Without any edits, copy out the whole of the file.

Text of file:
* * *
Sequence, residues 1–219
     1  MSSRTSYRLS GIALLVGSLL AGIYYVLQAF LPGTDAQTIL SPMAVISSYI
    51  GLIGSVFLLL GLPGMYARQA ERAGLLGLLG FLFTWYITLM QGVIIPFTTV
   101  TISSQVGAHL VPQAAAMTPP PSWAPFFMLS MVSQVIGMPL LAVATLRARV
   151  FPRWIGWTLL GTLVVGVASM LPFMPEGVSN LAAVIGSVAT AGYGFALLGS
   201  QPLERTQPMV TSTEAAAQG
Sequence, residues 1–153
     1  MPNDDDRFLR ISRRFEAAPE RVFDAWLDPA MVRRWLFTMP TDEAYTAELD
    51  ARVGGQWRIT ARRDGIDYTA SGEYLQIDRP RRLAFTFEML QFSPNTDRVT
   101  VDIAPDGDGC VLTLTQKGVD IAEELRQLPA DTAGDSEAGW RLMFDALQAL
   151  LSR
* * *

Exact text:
Sequence, residues 1–219
     1  MSSRTSYRLS GIALLVGSLL AGIYYVLQAF LPGTDAQTIL SPMAVISSYI
    51  GLIGSVFLLL GLPGMYARQA ERAGLLGLLG FLFTWYITLM QGVIIPFTTV
   101  TISSQVGAHL VPQAAAMTPP PSWAPFFMLS MVSQVIGMPL LAVATLRARV
   151  FPRWIGWTLL GTLVVGVASM LPFMPEGVSN LAAVIGSVAT AGYGFALLGS
   201  QPLERTQPMV TSTEAAAQG
Sequence, residues 1–153
     1  MPNDDDRFLR ISRRFEAAPE RVFDAWLDPA MVRRWLFTMP TDEAYTAELD
    51  ARVGGQWRIT ARRDGIDYTA SGEYLQIDRP RRLAFTFEML QFSPNTDRVT
   101  VDIAPDGDGC VLTLTQKGVD IAEELRQLPA DTAGDSEAGW RLMFDALQAL
   151  LSR